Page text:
He-Man. Skeletor. An eternal struggle between good and evil – with pauses for slurps from a juice box. So was the scene enacted on the stage of my bedroom floor when I was a kid, with the action figure “actors” lumbering through the knee-high shag carpeting to do battle, strike up a conversation, or repair a downed vehicle. Although I played with my He-Man, Star Wars, and Transformer characters largely because I had the chance to reenact and add to some of my favorite movies and shows, there are benefits to engaging in pretend play beyond just having fun.
Pretend play can foster language development.
When a child uses language to describe and organize a play scheme, they are essentially producing a “narrative,” or a verbal storyline. Children also can use language to describe “how” and “why” certain things happened (e.g., “Because Skeletor’s tank ran out of gas, he has to take a taxi to get to his fight with He-Man”). Such skills help improve a child’s ability make more logical connections in their language use, such as sustaining and adding to a topic of conversation.
For an advanced example of what a developed pretend play scheme can convey through language, consider this account of a recent session I had. My client and I were at “our house” (a therapy room) relaxing, when our math teacher came over to give us some homework. As he opened the door of our house and came in, we hid under the table to avoid having to do the homework. He called our mother to find out where we were hiding – I was the voice of the teacher, my client was the voice of our mother. Our mother told him where she thought we would be hiding, and eventually he found me under the table, and gave me some homework. My client was upset that the teacher was making me do homework, so he ran up to the teacher and “pushed” him. He was tried and convicted of pushing a teacher by a court of law, and was sentenced to prison. After a daring escape from a prison transport bus, I picked him up in a van, and we started a new life together living “on the lam,” as he said. This play scheme represented over 25 minutes of us engaged in a back-and-forth dialogue representing abstract ideas and problem-solving using language. *Disclaimer – neither of us are felons, and we would never push a teacher – that is the “pretend” part.*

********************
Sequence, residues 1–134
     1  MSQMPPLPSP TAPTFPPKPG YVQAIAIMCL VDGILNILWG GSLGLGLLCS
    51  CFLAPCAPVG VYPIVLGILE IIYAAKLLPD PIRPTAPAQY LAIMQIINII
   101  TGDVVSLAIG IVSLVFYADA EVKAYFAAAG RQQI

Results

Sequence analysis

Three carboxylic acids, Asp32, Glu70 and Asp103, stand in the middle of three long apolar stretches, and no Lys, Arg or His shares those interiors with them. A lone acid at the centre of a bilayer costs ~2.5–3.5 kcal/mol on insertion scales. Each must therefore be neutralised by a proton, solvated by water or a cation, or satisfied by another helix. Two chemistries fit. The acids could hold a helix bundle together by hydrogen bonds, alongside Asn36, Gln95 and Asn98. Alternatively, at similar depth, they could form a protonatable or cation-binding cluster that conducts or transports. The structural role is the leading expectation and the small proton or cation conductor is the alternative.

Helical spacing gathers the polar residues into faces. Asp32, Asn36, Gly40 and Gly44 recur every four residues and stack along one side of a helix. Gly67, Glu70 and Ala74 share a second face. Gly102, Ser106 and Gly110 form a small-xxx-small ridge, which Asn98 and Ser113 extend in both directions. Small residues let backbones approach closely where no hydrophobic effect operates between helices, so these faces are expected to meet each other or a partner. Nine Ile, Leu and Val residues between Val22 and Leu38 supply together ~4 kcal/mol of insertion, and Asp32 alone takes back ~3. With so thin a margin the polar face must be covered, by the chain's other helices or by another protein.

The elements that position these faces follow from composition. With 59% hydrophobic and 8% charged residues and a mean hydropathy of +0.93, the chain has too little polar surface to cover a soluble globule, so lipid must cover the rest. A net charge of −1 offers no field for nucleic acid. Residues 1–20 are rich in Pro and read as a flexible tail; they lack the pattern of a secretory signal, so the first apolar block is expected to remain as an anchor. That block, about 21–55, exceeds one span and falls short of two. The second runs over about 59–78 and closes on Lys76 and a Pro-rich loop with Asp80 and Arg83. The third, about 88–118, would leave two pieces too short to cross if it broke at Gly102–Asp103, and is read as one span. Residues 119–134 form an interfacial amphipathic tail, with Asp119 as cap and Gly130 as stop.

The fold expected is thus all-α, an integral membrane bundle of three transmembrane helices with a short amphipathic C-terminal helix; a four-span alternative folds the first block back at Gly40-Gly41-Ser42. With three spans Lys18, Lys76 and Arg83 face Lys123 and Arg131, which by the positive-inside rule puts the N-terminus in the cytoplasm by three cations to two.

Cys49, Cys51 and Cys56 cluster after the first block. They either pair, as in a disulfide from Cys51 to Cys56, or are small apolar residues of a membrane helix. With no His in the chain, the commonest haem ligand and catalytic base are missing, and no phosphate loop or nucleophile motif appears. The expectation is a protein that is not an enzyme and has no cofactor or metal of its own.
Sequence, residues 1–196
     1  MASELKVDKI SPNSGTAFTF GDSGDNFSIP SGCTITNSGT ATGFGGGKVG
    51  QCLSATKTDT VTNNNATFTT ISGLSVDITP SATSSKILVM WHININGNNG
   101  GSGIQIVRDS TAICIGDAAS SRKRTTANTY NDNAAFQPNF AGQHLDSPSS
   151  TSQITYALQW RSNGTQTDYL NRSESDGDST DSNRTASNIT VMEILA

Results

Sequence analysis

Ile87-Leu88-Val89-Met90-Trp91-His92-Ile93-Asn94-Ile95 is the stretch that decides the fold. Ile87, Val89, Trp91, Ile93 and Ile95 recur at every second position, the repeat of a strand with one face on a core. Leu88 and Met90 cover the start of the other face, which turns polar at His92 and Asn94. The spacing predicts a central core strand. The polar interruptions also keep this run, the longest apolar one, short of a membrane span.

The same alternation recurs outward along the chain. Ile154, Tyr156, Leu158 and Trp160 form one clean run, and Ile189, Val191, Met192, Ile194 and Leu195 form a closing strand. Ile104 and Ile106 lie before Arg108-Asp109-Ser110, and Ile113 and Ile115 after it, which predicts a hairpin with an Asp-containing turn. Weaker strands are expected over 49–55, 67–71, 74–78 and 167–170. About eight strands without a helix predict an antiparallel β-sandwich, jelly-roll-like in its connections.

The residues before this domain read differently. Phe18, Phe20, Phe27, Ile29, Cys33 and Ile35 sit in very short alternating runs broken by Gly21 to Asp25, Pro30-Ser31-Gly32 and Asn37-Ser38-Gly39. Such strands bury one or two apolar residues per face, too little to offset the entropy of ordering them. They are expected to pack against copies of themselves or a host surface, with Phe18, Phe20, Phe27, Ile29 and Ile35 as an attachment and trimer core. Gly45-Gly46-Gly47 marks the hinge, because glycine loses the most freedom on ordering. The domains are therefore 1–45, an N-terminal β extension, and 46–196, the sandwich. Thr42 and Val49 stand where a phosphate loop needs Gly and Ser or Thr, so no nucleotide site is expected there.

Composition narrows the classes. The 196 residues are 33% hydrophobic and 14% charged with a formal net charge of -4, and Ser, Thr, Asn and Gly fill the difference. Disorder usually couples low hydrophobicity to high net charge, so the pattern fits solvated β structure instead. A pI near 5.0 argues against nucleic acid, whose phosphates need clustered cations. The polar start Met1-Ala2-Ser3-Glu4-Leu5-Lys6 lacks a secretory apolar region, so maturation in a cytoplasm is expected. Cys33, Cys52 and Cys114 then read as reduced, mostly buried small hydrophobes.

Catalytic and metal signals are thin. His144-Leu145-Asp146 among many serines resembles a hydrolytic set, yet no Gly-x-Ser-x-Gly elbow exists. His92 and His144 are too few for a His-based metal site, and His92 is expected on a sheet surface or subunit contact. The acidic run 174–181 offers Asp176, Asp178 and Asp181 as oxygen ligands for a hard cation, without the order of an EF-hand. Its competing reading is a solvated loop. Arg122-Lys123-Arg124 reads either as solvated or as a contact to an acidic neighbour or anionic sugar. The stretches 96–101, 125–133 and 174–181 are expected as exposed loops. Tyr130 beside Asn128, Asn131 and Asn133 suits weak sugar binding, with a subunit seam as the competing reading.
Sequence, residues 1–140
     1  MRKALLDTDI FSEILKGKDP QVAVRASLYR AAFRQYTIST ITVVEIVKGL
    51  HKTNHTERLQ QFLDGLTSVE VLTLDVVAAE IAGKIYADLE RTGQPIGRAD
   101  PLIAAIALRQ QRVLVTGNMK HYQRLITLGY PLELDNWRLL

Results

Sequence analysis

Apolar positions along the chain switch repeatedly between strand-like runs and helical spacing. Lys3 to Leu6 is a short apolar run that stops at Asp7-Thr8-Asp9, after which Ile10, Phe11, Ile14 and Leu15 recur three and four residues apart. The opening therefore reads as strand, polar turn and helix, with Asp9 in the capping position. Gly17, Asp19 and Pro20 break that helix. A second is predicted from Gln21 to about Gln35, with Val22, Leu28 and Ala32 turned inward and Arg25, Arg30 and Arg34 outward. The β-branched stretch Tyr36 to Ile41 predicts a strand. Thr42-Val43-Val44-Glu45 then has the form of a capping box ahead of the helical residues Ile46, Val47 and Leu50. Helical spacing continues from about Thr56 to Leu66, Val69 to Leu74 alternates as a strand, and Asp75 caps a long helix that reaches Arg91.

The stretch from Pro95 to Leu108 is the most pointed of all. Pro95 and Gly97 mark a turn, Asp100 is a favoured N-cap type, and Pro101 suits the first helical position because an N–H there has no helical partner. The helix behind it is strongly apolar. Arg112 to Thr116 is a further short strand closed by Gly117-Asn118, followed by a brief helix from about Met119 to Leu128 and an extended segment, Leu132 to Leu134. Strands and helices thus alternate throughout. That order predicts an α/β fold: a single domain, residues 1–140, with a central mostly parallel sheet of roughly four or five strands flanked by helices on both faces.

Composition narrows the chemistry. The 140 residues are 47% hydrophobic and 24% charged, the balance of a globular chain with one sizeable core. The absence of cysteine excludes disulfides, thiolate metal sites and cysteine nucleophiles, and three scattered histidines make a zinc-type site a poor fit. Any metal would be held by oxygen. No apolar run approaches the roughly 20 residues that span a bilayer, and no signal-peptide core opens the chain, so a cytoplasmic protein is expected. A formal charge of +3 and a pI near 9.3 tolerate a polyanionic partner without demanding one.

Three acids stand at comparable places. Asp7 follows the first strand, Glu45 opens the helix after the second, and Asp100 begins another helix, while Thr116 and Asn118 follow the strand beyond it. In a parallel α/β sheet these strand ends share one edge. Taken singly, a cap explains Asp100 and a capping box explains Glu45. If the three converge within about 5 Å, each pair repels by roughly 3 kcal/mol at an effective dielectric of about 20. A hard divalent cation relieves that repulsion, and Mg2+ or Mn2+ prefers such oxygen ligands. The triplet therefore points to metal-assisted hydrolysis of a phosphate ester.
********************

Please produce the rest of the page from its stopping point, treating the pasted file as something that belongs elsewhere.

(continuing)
Pretend play involves taking on the perspectives of others, an important step in social-emotional development.
Many children with autism spectrum disorders have a deficit in what is termed “theory of mind,” or, broadly, the ability to think about what another person is thinking. Pretend play offers a chance for the child to develop this ability to learn how one’s actions or words might affect the emotions or thoughts of another person. For example, He-Man might have bought Orco a new sword, but he did not buy one for Man-at-Arms, and consequently Man-at-Arms feels jealous and sad because he did not get a gift, as well. Using play to explore emotional states, as well as the causality of emotions, can help children learn how to recognize their own emotions, as well as how what one does can impact the emotions of others.
Posted By: Andy, Speech-Language Pathologist